The pandemic period has been a particularly odd time. How has the A&D sector fared in the past year, in your opinion? As an example, can you elaborate on how your organisation adapted to the industry low falls?
In the commercial aviation, we saw a sharp fall in orders over the last two years. What we have successfully done is, we have established new relations with aerospace majors from around the world like GE, Honeywell, UTC and others and one trend we saw was that the smaller companies in Europe and the US were really struggling to financially stay afloat. So, we managed to get a lot of that business transferred to us and also the anti-China sentiment helped us transition newer business here.
On the defence side, we have not seen a big shift either upwards or downwards in terms of demand in the defence sector. The pandemic hasn’t affected our defence work and is going as per plan because most of our defence projects are in tie-up with the Indian Ministry of Defence (MoD).
There is a forecast of India becoming the global aerospace hub. Your opinion? How can the government aid company, such as yours, in the journey?
There is no doubt that India will become one of the global aerospace hubs because an aerospace hub is first driven by the market. Although there has been a significant growth in air travel over the last 10 years, there is a lot of growth yet to be seen. The government can help in several way: The government needs to build more airports which can take not just turbo props but single line aircraft like A-220 and Boeing 737 to grow the air traffic and to develop a robust civil aerospace industry. It should also relook at the incentives for aerospace to get technology which is available in the west.
Unmanned aircrafts are a hot topic both from India's commercial & defence (government) perspective. Does your organisation plan on venturing into this segment? If yes, what strategies do you plan to put in place to compete with pre-existing players?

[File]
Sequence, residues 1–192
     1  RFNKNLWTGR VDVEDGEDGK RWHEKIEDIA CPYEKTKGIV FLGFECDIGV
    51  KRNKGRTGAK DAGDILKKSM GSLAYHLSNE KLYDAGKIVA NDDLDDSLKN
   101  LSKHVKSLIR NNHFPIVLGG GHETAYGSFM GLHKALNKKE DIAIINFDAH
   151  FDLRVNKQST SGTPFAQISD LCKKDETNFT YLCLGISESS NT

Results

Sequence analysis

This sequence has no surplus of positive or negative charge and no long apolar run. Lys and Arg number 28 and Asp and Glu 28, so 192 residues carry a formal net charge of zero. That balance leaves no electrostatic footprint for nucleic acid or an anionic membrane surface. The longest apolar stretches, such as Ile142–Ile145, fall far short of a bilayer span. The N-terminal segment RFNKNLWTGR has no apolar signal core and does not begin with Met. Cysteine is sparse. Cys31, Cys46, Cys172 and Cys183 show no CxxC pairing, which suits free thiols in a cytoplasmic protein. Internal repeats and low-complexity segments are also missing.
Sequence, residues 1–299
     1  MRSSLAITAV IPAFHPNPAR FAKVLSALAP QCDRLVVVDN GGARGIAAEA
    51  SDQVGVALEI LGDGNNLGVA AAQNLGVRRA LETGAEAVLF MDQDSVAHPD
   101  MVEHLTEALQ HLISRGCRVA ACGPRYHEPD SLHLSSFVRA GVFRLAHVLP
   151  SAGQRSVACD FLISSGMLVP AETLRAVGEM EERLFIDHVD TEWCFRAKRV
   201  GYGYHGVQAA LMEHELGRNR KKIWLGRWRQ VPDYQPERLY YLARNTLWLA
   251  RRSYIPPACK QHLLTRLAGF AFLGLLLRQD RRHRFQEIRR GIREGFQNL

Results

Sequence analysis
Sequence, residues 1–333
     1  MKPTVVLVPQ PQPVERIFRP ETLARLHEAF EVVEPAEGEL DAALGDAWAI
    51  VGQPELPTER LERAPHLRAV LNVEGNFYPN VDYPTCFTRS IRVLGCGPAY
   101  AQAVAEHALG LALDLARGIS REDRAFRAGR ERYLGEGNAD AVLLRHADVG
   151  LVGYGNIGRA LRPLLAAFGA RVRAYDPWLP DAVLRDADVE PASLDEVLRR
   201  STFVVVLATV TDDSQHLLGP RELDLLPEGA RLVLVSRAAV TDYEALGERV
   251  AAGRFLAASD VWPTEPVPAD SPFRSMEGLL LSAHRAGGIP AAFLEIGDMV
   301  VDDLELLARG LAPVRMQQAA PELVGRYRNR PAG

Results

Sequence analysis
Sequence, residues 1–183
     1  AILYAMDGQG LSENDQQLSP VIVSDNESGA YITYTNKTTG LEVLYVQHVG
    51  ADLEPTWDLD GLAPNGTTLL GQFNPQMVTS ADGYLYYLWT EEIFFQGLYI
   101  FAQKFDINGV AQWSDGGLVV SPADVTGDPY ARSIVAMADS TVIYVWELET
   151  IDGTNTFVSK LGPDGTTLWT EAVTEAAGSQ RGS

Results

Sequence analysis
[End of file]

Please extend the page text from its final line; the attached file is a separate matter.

At Rangson’s, we very clear about what our business is. We do not have plans to make UAVs as we are already working with several companies who manufacture UAVs and provide them with our solutions. We have products that are tailored to these UAV companies. So, we will be an active player in it and provide systems that are required for successfully flying UAVs.
There are a lot of start-ups entering India’s A&D segment. How can industry majors and start-ups collaborate to ensure India becomes the A&D hub for the globe?
The biggest challenge in A&D in terms of start-up ecosystem is that when a start-up tries to develop a new product or solution, the qualification timeline of it is lengthy. I believe the ecosystem should come together and figure out how to shorten the qualification cycle without compromising on safety. In addition, incubation centres for start-ups will help it accelerate its time-to-market to bring out new solutions. Lastly, industry majors also need to collaborate with start-ups.
What does India in 2022 look like for the A&D sector to you? What strategies need to be instilled to ensure your organisation is a contributor to the Indian economy?
For commercial aviation, 2022 will be the first year in the last three years where we will see some significant uptake in global air, with vaccination proving to be successful. As far as defence is concerned, the biggest challenge continues to be our defence acquisition formalities because tendering system is the major bottle neck in moving fast. While we understand the challenges the MoD faces, it is very important for us to shorten the buying sales cycle times.
At Rangsons, we are trying to create an ecosystem where new product technology is developed with the range of our products. For us almost 80% of our revenue comes from product sales and not from services not manufacturing or design services.